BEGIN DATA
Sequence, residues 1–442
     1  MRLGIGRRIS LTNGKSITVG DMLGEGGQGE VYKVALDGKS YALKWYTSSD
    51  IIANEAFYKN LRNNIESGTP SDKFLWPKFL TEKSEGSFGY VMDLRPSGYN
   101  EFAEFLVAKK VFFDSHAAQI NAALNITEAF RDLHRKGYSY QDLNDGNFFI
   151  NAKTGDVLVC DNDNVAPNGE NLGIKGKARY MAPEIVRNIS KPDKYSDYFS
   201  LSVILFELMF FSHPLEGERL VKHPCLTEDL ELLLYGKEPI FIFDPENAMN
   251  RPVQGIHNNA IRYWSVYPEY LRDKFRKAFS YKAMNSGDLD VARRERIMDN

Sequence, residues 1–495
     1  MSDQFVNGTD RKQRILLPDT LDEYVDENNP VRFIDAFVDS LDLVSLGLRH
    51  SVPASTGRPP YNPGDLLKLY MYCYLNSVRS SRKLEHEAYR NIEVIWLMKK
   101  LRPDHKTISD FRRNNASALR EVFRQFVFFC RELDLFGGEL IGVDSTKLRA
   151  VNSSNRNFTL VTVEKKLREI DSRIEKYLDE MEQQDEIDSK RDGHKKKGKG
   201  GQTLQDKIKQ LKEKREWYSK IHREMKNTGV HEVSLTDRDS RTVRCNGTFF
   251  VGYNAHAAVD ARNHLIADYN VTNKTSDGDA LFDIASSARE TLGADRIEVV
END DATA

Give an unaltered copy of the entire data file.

Sequence, residues 1–442
     1  MRLGIGRRIS LTNGKSITVG DMLGEGGQGE VYKVALDGKS YALKWYTSSD
    51  IIANEAFYKN LRNNIESGTP SDKFLWPKFL TEKSEGSFGY VMDLRPSGYN
   101  EFAEFLVAKK VFFDSHAAQI NAALNITEAF RDLHRKGYSY QDLNDGNFFI
   151  NAKTGDVLVC DNDNVAPNGE NLGIKGKARY MAPEIVRNIS KPDKYSDYFS
   201  LSVILFELMF FSHPLEGERL VKHPCLTEDL ELLLYGKEPI FIFDPENAMN
   251  RPVQGIHNNA IRYWSVYPEY LRDKFRKAFS YKAMNSGDLD VARRERIMDN

Sequence, residues 1–495
     1  MSDQFVNGTD RKQRILLPDT LDEYVDENNP VRFIDAFVDS LDLVSLGLRH
    51  SVPASTGRPP YNPGDLLKLY MYCYLNSVRS SRKLEHEAYR NIEVIWLMKK
   101  LRPDHKTISD FRRNNASALR EVFRQFVFFC RELDLFGGEL IGVDSTKLRA
   151  VNSSNRNFTL VTVEKKLREI DSRIEKYLDE MEQQDEIDSK RDGHKKKGKG
   201  GQTLQDKIKQ LKEKREWYSK IHREMKNTGV HEVSLTDRDS RTVRCNGTFF
   251  VGYNAHAAVD ARNHLIADYN VTNKTSDGDA LFDIASSARE TLGADRIEVV